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Protecting Your Wine From Oxygen During Racking


Ricker Olson — Billings, Montana asks,

My question is on the use of argon/CO2 to make-up for headspace in a carboy or tank. How does one know when you have placed enough to displace the oxygen? is there a method to color the CO2, for instance? I know some people cannot stand the smell of CO2, but it is very seldom I get a whiff. Also, when I place my stainless steel sparger instrument into the carboy all the way to the bottom, hit the valve for two seconds, and then rack into the carboy with wine, what sort of time frame is the wine still protected in, one month, two perhaps?


Excluding oxygen by gassing headspaces and purging containers is one of the most important winemaking jobs we have. Oxygen exposure during aging can create all sorts of problems from premature oxidation and loss of aroma to spoilage microbe growth. The tough part is just what you mention — how do we know, with our own unique bottles, carboys, kegs, and barrels (not to mention the PSI and size of our gassing setup) that a barrel or carboy is “gassed” enough for the job? Sadly, there is no easy answer because as I’ve intimated there are so many unique factors involved. I can, however, provide a solid set of guidelines to help you make the best decisions for any situation you may encounter while racking.

A carbon dioxide system is by no means a requirement for hobby winemakers, but many find it to be useful in several instances. Photo by Charles A. Parker/Images Plus

We “gas the headspace” using inert gases heavier than air, typically argon and carbon dioxide gas. Nitrogen is sometimes used in the commercial winemaking process to push hose lines, etc., but since nitrogen has about the same gas density as air (nitrogen has 1.25 g/L to air’s 1.29 g/L) it’s not terribly practical for blanketing headspace. Carbon dioxide is indeed heavier than air (1.98 g/L) while argon clocks in at 1.78 g/L, making them both great candidates for this kind of work. Carbon dioxide, especially under cold conditions, however, will readily dissolve into wine so argon is the best gas to use as a wine approaches bottling (unless you want a little extra fizz).
Like I said, there’s no way to fully exclude oxygen from headspace as there will always be a little mixing. Think of it as if you’d be pouring heavy cream into coffee or making one of those fancy layered cocktails with different colors. Your aim is to layer the heavier gas on top of the wine’s surface with as little turbulence as possible, in order to avoid mixing the argon or carbon dioxide in with the lighter air above.

Here are some blanketing tips:

  • Introduce gas very slowly. Start regulator at 0 psi and just crack open to a very low pressure setting.
  • You want the gas to be exiting at a low rate so as not to cause a big mixture of your gas and the air in the headspace.
  • Meter in the gas parallel to the wine surface, not directly down onto it. If you blow your gas directly down onto the surface of the wine, it’ll just rebound up, creating a jet-wash effect. You can avoid this by fitting a “T” onto the end of your hose or pipe, so that the gas is blown (gently . . .) parallel to the surface of the wine, which will again help avoid that turbulence.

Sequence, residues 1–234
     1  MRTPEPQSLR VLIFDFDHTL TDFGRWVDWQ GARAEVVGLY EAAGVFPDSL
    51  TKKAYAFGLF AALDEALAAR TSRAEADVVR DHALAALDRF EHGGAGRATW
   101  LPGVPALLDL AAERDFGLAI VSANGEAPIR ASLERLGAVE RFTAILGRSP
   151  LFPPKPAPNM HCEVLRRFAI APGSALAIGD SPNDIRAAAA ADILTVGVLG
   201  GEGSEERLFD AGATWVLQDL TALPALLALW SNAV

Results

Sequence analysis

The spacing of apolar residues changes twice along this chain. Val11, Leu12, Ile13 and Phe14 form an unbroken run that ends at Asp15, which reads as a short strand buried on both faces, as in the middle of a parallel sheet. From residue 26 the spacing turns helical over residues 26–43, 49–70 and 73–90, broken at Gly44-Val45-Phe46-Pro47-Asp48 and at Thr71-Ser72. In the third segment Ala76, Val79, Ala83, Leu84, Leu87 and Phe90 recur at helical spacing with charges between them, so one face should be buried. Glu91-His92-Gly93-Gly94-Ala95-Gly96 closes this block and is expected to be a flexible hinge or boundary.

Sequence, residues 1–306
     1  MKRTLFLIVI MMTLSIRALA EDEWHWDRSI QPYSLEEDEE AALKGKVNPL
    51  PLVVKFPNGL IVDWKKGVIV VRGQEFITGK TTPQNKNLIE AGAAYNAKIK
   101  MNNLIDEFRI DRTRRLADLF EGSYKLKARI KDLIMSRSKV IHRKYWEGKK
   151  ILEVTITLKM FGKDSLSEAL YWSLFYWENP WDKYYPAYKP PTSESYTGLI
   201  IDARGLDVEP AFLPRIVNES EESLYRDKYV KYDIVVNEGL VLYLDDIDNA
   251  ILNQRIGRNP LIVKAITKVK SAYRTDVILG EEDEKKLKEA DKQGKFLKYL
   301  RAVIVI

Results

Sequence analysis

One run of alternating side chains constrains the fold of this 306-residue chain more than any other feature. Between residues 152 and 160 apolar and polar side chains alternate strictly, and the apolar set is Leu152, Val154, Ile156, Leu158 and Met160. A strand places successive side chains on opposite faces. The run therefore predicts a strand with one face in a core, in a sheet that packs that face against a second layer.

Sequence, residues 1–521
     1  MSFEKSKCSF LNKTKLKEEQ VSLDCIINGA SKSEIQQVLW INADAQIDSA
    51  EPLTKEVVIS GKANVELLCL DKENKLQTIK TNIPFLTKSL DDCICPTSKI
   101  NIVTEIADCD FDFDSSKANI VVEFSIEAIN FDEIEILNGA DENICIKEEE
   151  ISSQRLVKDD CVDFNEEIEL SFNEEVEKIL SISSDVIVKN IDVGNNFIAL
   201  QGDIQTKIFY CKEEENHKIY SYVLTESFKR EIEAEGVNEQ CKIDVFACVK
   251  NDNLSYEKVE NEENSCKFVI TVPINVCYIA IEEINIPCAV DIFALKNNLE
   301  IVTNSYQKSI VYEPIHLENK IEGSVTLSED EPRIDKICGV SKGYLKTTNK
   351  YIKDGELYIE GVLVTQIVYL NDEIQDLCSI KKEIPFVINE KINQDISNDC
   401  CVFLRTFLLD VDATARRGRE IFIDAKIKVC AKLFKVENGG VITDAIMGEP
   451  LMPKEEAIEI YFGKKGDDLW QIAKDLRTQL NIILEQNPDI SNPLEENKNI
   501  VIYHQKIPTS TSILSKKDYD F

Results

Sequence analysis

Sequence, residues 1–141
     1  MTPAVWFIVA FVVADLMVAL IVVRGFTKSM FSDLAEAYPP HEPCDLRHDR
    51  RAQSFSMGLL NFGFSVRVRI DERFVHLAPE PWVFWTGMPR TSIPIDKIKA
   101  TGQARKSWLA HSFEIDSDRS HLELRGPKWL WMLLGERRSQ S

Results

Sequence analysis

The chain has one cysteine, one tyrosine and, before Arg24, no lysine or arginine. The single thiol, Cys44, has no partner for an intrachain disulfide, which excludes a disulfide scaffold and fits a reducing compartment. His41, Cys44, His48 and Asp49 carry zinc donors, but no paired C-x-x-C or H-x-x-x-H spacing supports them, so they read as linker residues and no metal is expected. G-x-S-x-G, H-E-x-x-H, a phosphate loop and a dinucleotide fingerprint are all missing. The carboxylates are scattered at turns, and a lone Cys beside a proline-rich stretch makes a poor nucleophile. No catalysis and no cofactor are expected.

• Use the largest-sized hose possible.
  • Many wineries use a “bell” type device that fits over the end of the hose or a type of cone fitting that allows the gas to exit in a controlled, non-turbulent manner rather than a small hissing stream, which would just get mixed in with the air.
  • Use the “flame test” to test for the presence of a gas blanket: Using a long-stemmed lighter or BBQ match, lower the flame down into your carboy, keg, or barrel until it’s snuffed out. That’ll allow you to see where the oxygen starts to be excluded. It’s imperfect but, absent an oxygen meter, is a pretty good way to approximate it.

If you’re gassing a 750 mL bottle, then a two-second slow pulse is probably enough. The bigger the containers get, as you might imagine, the more gas you need to introduce to create an effective layer on the surface of the wine. Sadly, the blankets don’t last that long. I gas headspaces at least twice a month in my winemaking.

There are always some safety concerns to take into account when using inert gases. Never use them in confined spaces. The very things that make it great for winemaking (odorless, tasteless, non-coloring) make it a potential hazard. Always have a high degree of ventilation in your work area and when in doubt, get out.

If you are going to “purge” a container (i.e., fill it up with gas before filling with wine) always make sure you’ve got a vent — you don’t want to blow up a container in the name of preventing wine spoilage!

Also be aware that using gas for blanketing is never as effective as a completely full carboy, tank, or barrel; there will always be some level of mixing between inert gases and air because while yes, they’re heavier, they’re not going to create a 100% “seal.” Keeping your vessels fully topped-up is really the only way to make sure the wine isn’t getting unnecessarily oxidized or that air-loving spoilage microbes won’t get in and gain a foothold.

Response by Alison Crowe.